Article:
And yet that's exactly what's been happening in newsrooms across the nation for the past few years. The assumption is that vidcam technology is sufficiently cheap and ubiquitous, and instinctive to use, that any reporter can point and shoot some footage while on assignment ... and then stitch together something in Final Cut that flickers and talks to go along with the story.
Lost in the equation is any notion that videos must constitute a) good journalism, and b) good storytelling.
Ian Shapira is a veteran Washington Post journalist who pursued a master's degree in "interactive journalism" at American University, nights and weekends, while still hammering away at his day job.
In the newspaper's Story Lab blog, he posted his first video effort online, and invited his readers to assess his progress. It's a four-minute profile of a DC-based DJ. But what caught our attention was his candid assessment of what it entails to bridge that chasm between print and video.
My transition from writer to video journalist has not been comfortable. I constantly fumbled with the tripod -- right in front of my subject -- which was about as embarrassing as getting caught with one's fly open. And I spent so many hours late into the evening with the video editing software Final Cut Express that I wondered whether I was even doing journalism anymore, or computer science.As fate would have it, his colleague Whitney Shefte, an accomplished Post videojournalist, concurrently made the reverse transition -- penning her first-ever article, a profile of a blues musician (for which she shot an accompanying video). Here's what she had to say:
More important, I discovered that making a compelling video for a website such as The Post's requires a fundamentally different kind of journalistic skill. As a writer with a pen and notepad, I have several logistical advantages over the video folks: I can reconstruct scenes that I am physically not able to witness; I don't need to lug around heavy equipment to film or record every tiny yet important atmospheric nuance; and, perhaps most obvious, I can persuade people in sensitive situations -- often, the very people who make the essence of a story -- to be quoted in an article, while those same people might scram when you utter the words "Can I mic you up?"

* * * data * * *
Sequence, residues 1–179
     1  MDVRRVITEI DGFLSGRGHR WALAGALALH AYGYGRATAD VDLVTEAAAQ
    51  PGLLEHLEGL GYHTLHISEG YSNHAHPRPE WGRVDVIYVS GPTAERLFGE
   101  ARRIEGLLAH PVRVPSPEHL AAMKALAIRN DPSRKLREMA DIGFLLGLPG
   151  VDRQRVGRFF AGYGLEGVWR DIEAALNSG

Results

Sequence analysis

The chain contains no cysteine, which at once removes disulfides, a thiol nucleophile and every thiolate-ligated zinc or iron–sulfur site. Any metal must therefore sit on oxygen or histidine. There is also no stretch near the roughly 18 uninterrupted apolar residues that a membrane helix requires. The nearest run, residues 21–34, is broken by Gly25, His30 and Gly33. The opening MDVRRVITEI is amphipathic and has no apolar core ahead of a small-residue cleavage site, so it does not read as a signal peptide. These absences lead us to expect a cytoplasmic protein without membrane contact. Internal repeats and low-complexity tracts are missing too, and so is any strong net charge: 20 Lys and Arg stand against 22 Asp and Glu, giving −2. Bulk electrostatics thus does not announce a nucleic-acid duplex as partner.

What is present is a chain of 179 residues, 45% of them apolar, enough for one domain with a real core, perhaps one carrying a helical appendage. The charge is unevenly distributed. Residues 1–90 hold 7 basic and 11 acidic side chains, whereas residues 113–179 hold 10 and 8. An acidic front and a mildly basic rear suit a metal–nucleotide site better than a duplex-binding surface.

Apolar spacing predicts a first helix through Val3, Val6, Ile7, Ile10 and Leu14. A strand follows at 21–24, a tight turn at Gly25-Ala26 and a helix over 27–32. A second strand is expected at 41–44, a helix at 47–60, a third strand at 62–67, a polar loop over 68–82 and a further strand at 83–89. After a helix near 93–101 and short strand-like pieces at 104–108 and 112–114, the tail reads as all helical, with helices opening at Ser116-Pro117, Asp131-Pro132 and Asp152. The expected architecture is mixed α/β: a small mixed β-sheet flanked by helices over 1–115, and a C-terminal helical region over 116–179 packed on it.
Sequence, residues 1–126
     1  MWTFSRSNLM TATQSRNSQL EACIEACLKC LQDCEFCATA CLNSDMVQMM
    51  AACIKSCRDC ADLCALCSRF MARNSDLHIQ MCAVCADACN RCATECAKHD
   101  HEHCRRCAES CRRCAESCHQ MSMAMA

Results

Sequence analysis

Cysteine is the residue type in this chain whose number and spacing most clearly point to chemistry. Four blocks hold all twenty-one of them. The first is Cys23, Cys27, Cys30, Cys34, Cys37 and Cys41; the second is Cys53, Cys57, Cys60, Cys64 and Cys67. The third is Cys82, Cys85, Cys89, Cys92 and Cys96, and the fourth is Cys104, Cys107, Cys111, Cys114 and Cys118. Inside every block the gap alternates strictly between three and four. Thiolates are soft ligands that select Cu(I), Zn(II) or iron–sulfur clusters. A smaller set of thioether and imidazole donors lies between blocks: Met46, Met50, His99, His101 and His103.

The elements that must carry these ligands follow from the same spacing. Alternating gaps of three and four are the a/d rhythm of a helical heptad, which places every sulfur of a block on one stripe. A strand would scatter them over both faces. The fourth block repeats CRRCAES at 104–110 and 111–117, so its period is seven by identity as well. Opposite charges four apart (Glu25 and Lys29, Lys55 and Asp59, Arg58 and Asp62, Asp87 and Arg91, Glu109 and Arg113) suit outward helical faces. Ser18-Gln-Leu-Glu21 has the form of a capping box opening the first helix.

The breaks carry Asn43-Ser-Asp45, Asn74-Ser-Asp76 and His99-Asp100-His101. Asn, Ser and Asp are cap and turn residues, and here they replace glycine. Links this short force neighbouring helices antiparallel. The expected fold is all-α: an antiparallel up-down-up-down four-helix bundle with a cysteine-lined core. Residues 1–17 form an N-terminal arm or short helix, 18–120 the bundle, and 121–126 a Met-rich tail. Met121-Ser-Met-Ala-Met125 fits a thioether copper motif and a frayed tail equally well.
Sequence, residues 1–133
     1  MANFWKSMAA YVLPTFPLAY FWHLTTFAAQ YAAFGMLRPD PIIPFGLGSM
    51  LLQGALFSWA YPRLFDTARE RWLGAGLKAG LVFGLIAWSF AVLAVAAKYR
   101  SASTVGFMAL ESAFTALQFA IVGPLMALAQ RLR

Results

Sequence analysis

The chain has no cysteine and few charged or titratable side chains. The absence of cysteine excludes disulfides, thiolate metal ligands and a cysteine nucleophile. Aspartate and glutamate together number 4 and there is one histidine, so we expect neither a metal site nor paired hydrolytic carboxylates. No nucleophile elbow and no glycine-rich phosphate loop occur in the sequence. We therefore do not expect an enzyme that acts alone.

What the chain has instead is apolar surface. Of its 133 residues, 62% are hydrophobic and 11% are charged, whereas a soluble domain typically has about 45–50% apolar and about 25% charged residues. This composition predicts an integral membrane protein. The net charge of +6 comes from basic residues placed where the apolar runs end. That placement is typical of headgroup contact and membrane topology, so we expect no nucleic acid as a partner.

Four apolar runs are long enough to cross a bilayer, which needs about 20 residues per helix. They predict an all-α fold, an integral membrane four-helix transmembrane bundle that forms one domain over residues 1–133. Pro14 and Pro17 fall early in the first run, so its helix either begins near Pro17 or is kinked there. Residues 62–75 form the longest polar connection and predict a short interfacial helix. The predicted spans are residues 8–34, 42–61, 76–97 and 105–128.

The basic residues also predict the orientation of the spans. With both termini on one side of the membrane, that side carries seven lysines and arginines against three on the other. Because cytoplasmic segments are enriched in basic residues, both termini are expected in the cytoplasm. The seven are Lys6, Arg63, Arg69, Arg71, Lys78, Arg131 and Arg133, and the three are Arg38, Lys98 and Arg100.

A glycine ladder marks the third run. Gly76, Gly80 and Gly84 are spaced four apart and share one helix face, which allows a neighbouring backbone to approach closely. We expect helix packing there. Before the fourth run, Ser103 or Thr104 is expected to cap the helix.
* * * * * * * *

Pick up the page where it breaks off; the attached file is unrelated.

[W]riting is telling and not showing. A written story asks for more of my own voice. It requires me to verbalize my observations instead of just piecing together what the camera captures. I can allow the subject to tell their own story from beginning to end in video. Sure, I edit out a lot of material, inevitably inserting my voice with each cut I make. But I’m never adding anything that wasn’t there. Video feels more true to me, more objective...Both Shapira and Shefte's observations are noteworthy, and offer insight into the bigger picture, as publications plunge headlong into multimedia journalism.
Unless the video has a narrator, old photographs or reenactments, history can’t really be shown on the screen. I had to do a lot more research than I do for video to uncover that history. At the same time, subjects open up more when a camera isn’t present. There are nuggets in written stories that no photographer or video journalist has access to. And while writing, I was also able to focus in a new way.
Does it even make sense for writers to learn how to shoot and edit video? For video journalists to become writers? Shouldn't news organizations such as The Post invest in more specialists? Or, given our industry's financial upheaval, is a more versatile staff better?Check out Shapira's video, and Shefte's text story, and see what you think.